Doug McDermott receives 2014 Wooden Award at Los Angeles Athletic Club

April 12, 2014

Los Angeles -- On paper, Doug McDermott was far and away the most impressive college basketball player in the country this year. With a game some have compared to a young Dirk Nowitzki or Kevin Love, McDermott led the nation in scoring in his senior season at Creighton. Averaging 26.9 points a game, McDermott carved his name into the record books as the 5th-leading scorer in NCAA history.

On Friday night, McDermott added some more hardware to an NCAA resume that already included every other major award in college basketball, as the Creighton senior was presented with the 2014 Wooden Award in downtown Los Angeles at the prestigious Los Angeles Athletic Club.

Former Duke point guard Jayson Williams hosted the event with fellow Duke grad Jay Bilas on hand as well. All six finalists for the award were in attendance: Duke’s Jabari Parker, Louisville’s Russ Smith, Wichita State’s Cleanthony Early, and Arizona’s Nick Johnson.

The award was particularly special for McDermott because he had been on the fence about returning to Creighton for his senior season. It was a tough decision that ultimately paid off for him.

"I stuck it out for four years,” McDermott said, “That's why it's so great seeing other seniors be here with me. We're guys who decided to get better every year."

The women’s award went to Stanford center Chiney Ogwumike. The Pac-12 Player of the Year had quite a season herself, averaging 26.1 points and 12.1 rebounds, and leading Stanford to the Final Four. Many expect her to be the top pick in next week's 2014 WNBA Draft.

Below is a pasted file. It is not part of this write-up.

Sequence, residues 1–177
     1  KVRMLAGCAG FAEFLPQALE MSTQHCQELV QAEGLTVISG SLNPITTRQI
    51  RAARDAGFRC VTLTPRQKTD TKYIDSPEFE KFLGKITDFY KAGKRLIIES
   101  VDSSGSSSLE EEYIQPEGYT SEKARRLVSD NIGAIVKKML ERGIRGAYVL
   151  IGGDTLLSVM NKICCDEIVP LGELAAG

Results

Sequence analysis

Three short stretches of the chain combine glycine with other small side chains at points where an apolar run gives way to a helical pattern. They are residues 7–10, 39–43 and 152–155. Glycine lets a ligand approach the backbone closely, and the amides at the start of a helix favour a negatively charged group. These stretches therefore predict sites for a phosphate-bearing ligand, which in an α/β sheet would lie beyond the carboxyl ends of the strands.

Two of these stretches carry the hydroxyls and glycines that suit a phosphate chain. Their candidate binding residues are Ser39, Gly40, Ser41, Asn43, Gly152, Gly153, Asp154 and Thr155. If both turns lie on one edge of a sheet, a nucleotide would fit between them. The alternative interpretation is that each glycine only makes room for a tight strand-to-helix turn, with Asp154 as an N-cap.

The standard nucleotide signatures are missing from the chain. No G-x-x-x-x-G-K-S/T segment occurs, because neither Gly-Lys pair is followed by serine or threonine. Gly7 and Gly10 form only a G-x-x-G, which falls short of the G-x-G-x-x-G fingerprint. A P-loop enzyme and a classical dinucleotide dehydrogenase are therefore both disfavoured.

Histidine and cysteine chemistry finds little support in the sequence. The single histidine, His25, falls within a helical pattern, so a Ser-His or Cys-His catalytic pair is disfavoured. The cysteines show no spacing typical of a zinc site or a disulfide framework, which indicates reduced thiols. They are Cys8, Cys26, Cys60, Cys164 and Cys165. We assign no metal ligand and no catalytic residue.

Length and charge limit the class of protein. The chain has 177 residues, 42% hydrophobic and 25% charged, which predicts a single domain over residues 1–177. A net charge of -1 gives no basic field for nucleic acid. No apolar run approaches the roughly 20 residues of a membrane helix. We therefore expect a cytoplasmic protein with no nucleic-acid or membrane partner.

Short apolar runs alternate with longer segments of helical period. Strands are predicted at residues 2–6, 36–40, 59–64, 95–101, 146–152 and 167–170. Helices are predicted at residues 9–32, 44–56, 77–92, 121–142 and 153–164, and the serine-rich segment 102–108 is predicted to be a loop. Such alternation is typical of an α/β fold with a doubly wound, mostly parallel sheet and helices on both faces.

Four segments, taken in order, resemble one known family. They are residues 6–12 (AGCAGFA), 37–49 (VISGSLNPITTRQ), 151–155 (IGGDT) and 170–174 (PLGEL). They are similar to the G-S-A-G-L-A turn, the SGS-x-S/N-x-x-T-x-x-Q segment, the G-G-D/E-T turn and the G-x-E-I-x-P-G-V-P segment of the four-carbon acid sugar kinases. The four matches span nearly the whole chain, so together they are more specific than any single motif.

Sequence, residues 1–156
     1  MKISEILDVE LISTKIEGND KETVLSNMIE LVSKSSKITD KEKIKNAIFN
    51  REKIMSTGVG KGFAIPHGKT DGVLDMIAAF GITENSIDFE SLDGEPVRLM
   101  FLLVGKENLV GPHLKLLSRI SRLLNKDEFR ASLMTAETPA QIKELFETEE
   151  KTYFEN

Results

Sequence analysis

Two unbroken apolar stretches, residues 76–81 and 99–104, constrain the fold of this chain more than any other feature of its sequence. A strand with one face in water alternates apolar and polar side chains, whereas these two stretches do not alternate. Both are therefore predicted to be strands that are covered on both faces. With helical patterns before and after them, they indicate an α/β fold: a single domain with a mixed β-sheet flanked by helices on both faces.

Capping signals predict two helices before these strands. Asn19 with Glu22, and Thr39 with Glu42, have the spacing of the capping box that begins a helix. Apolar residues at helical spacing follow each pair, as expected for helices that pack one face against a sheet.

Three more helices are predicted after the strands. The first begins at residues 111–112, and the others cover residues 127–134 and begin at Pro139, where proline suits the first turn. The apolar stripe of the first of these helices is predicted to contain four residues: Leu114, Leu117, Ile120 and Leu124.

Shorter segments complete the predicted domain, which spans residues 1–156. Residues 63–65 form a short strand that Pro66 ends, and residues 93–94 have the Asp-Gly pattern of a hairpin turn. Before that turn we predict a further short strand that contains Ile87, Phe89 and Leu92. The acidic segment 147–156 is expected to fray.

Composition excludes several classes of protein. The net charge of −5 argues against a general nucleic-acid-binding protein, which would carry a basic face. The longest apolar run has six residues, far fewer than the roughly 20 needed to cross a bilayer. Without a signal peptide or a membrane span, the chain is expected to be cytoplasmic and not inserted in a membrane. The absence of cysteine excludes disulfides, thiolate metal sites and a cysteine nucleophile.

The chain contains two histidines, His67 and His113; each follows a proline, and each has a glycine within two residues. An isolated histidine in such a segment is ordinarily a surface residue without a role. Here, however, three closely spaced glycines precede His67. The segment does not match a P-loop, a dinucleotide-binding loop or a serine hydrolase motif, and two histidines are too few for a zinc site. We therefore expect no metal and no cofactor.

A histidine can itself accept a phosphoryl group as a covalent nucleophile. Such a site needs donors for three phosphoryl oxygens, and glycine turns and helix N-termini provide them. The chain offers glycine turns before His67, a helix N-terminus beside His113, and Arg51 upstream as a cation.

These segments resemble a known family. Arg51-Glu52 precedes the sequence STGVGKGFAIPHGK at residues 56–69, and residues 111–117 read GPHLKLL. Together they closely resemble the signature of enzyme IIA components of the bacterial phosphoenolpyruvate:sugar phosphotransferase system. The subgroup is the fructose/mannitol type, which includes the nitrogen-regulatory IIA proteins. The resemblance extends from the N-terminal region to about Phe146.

I’m so humbled,” Ogmuwike said, “The girls on the video are equally as deserving.”

Adreian Payne of Michigan State won the first ever Outreach Award for the friendship he had with Lacey Holsworth, an 8-year-old girl diagnosed with cancer who unfortunately had just recently passed away. Lacey was a big Michigan State basketball fan and Payne was incredibly sweet and compassionate in his efforts to befriend Lacey and have a positive impact on her life. He received a standing ovation from the crowd, followed by a moment of silence for Lacey.

“I learned so much, just seeing her fight every day,” Payne said. “She taught me to persevere through anything and just be strong.”

Stanford head coach Tara VanderVeer was also honored, winning the “Legends of Coaching” award.

While there are rarely sure things in the NBA Draft, McDermott appears as though he has the size and firepower to hold his own in the NBA, if only merely as a spot-up shooter. He may even have the size to potentially play as a Stretch-4 in a D'Antoni-like offense.

As always, with the unpredictable nature of college prospects in the Draft, we’ll just have to wait and see.

By Max Rucker
Contributing Writer for

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